Addiction in prison should concern us all

Addiction in prison should concern us all

13th March 2015

At 13, Andrew started misusing lighter gas and cannabis. By 28, he was growing and selling cannabis to pay for a serious cocaine addiction. 12 years later, after losing all his family and friends, he was caught and sent to prison.

Andrew didn’t expect to stop taking drugs in prison: he knew they were easy to get hold of and there is little else to do inside. Yet he stumbled on an abstinence-based drug treatment programme at HMP The Mount. It completely changed his life; six months later he was free from all drugs.

Andrew left prison nine months ago and has been abstinent ever since. He has regained contact with his family and is learning how to be a father. He has turned his back on crime.

Unfortunately, Andrew’s experience is rare. The CSJ’s report, Drugs in Prison, found that most prisoners do not tackle their addiction in prison – in fact, seven per cent develop a drug problem while inside. The ‘treatment’ they receive is little more than warehousing. The report also found that only 31 per cent of those in treatment for opiate addiction are being helped to detox; the rest are maintained on substitute opiates. It is getting worse: six years ago 79 per cent were being detoxed. Prisoners need to be encouraged towards abstinence.

Many prisons also fail to provide a rehabilitative environment. At the beginning of this Parliament, the Coalition Government introduced 10 ‘Drug Recovery Wing’ (DRW) pilots. These were intended to encourage effective abstinence-based treatment through the creation of drug-free spaces in prisons. Our report found that while some worked well, others were failing to the extent that they were full of drugs.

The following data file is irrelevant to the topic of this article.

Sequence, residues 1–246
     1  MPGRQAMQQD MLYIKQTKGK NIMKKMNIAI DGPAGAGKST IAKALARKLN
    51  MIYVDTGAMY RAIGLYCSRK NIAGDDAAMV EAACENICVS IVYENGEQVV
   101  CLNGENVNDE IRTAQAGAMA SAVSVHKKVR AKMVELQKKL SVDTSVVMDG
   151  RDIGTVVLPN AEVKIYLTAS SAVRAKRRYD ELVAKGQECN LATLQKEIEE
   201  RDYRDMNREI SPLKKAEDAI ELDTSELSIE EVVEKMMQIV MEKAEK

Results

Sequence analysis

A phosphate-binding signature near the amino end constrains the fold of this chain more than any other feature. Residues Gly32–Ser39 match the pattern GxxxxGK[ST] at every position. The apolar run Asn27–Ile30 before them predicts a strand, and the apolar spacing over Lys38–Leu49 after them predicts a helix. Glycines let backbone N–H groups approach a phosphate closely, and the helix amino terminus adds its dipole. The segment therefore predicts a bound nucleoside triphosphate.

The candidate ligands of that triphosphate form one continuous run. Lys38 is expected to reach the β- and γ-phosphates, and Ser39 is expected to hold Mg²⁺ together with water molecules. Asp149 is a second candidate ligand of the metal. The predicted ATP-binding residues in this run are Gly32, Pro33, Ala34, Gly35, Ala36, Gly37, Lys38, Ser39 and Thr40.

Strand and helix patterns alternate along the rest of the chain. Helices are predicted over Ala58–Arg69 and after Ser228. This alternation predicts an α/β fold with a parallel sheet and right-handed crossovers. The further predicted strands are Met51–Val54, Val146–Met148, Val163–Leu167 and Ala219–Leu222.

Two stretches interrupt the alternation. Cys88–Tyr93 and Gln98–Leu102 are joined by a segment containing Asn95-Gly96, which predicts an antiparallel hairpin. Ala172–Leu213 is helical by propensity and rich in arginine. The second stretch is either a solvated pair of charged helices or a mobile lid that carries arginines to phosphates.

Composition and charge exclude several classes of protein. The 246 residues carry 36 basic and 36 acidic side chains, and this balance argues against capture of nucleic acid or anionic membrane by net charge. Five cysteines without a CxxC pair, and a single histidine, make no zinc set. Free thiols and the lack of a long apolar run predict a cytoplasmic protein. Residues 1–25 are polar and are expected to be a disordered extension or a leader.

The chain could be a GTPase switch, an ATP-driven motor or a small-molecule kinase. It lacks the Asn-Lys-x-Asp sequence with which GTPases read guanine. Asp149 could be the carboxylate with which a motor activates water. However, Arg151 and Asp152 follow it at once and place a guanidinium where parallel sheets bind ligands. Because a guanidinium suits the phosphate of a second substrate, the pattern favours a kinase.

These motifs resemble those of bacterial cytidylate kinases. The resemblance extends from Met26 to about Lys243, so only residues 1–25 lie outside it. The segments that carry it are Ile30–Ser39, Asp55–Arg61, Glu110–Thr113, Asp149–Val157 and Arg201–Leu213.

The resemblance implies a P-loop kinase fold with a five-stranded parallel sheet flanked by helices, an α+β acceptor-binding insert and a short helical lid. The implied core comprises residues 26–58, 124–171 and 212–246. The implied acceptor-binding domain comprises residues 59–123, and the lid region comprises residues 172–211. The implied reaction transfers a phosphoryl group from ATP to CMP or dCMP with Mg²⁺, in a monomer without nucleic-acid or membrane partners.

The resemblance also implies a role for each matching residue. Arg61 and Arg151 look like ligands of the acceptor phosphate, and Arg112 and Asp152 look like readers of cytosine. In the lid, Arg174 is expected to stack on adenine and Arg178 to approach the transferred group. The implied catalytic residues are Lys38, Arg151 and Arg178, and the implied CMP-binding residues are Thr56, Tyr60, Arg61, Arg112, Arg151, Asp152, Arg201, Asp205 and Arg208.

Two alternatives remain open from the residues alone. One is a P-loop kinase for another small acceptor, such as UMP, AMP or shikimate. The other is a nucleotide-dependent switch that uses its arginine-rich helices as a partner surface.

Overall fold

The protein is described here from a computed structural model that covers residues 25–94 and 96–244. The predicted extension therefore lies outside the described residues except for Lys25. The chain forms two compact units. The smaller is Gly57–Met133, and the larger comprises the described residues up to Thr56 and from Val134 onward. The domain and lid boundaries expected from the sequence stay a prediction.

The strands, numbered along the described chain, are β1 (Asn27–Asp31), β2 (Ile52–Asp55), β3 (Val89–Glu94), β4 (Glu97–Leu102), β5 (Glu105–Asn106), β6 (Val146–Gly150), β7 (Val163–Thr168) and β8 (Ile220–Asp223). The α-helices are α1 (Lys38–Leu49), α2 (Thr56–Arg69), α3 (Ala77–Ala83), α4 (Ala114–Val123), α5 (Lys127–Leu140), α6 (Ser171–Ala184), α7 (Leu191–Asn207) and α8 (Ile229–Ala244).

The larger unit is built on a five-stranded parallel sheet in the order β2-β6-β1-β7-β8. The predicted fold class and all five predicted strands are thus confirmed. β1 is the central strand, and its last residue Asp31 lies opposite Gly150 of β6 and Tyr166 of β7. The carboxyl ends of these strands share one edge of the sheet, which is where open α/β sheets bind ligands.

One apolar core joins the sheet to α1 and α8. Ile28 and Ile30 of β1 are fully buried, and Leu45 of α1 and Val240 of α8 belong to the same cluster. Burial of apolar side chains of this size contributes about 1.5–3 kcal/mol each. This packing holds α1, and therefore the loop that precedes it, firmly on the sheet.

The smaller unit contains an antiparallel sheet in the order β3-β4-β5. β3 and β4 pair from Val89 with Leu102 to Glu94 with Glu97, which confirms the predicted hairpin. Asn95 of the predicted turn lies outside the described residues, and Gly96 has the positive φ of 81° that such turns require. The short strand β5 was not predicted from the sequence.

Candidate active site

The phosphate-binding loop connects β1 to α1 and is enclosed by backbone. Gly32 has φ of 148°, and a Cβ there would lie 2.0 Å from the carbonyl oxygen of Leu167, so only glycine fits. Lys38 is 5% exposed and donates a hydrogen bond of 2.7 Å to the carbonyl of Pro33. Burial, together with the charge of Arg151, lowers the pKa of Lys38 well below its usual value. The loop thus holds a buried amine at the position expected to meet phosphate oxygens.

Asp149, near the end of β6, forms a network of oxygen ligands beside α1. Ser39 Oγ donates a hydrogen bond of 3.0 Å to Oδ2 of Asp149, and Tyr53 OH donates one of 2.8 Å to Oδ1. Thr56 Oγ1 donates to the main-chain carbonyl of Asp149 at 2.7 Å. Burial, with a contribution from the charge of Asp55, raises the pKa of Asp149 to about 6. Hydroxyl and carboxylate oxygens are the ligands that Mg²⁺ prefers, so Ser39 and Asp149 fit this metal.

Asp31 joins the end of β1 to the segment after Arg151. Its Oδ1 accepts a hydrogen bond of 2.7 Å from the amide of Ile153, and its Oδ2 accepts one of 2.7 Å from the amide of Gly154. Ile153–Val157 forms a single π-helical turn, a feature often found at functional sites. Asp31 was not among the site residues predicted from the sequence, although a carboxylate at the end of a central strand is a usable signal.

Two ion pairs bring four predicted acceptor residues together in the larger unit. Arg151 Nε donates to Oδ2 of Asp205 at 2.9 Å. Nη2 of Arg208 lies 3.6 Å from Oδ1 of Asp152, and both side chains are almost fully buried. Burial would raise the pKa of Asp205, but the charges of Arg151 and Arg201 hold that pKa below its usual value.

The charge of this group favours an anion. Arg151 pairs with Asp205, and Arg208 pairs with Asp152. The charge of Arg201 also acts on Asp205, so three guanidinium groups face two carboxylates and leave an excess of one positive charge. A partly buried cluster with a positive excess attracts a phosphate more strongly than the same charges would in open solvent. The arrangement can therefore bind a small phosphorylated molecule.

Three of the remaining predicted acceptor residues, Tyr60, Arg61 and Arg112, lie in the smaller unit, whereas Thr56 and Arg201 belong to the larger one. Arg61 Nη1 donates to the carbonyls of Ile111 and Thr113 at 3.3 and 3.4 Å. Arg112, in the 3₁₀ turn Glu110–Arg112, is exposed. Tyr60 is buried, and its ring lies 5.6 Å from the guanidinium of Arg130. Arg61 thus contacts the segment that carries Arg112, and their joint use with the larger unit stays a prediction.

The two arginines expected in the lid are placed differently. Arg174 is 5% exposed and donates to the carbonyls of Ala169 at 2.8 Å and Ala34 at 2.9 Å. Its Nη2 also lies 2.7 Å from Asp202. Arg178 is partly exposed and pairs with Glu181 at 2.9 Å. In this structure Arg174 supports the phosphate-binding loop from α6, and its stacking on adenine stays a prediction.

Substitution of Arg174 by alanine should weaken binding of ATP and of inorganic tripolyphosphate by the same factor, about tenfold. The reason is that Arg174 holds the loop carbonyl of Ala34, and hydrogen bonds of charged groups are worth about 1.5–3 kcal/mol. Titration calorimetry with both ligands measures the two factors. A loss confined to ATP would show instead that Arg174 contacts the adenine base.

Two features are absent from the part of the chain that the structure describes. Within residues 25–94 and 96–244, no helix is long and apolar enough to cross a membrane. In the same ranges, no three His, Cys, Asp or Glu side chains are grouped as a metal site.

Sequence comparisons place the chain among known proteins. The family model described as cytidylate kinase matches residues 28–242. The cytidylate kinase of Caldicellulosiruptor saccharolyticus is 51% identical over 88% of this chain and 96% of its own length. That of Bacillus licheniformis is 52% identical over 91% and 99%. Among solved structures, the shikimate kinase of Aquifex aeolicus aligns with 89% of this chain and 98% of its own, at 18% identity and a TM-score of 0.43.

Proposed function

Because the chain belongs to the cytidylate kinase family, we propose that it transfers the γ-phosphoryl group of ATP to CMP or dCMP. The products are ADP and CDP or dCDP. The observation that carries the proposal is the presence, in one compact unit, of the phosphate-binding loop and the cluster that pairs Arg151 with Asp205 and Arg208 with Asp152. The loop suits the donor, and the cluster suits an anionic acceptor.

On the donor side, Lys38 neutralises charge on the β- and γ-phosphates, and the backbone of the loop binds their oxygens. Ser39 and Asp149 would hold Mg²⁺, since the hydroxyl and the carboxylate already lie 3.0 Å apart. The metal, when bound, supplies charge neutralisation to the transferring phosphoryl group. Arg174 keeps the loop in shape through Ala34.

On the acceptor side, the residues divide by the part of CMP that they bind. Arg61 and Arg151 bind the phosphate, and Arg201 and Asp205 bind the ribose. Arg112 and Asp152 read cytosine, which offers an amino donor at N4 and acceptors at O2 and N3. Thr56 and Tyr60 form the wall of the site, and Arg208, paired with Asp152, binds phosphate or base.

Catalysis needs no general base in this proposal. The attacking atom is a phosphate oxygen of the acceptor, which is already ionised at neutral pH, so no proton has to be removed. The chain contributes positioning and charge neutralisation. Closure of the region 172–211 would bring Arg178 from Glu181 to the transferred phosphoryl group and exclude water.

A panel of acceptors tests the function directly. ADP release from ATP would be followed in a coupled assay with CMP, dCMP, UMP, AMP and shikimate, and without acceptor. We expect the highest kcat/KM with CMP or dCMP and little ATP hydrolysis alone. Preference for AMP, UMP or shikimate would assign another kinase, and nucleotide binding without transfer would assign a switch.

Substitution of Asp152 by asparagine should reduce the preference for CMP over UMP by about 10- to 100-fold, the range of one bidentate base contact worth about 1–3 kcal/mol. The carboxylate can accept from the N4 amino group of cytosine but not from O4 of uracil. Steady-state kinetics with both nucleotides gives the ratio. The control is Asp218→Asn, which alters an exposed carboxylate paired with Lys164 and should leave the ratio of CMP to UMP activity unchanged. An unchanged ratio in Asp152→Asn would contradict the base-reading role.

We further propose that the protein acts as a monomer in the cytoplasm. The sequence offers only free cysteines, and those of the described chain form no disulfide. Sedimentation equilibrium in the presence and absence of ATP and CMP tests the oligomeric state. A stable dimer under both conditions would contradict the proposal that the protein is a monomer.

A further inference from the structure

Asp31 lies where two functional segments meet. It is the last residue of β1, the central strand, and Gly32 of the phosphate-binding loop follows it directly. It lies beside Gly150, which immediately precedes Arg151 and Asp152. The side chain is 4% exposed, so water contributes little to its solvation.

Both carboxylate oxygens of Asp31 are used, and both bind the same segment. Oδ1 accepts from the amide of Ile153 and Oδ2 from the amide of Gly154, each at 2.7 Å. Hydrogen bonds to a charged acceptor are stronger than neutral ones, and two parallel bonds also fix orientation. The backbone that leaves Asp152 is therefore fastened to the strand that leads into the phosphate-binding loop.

For example, HMP Brixton’s ‘Wing’ originally consisted of just half a wing. Due to staff shortages, we heard how staff would open the doors separating the two halves at lunchtimes so that just one officer was needed to patrol. This allowed the drug dealers to come in and peddle their trade.

We also found that DRWs were being used on some occasions as a dumping ground to alleviate other prison problems. One Wing housed violent inmates; another those who were being bullied. Our report identified four basic principles that any future DRW must adhere to in order to achieve success. All resident prisoners and staff must be committed to abstinence-based recovery. There must be a sense of progression for resident prisoners (such as incremental increases in responsibility and autonomy). Finally, DRWs must be drug-free. But of course, more broadly, we need to work towards all prisons being totally drug free.

Yet it is not enough to help prisoners recover while in prison: we must ensure they are provided with continuous care during their transition into the community. Too often, inmates fall through the gap between prison- and community-based providers upon release. Continuity is crucial because prisoners in recovery are highly vulnerable in the weeks immediately after they are let out.

Peer mentors should be used to bridge this gap. They have beaten addiction themselves and personally understand the needs of service users.

Failure to tackle addiction in prison has significant consequences. The drugs trade fuels violence in prisons, and if prisoners leave with an addiction they are far more likely to commit crime to pay for their habit. Heroin and crack cocaine users alone are responsible for 45 per cent of all acquisitive crime (excluding fraud), costing the taxpayer £4.7 billion annually.

Drugs in prisons harm us all. The status quo is working for no-one but the dealers. The prison drugs trade desperately needs to be tackled, for doing so will turn around the lives of addicts and reduce crime.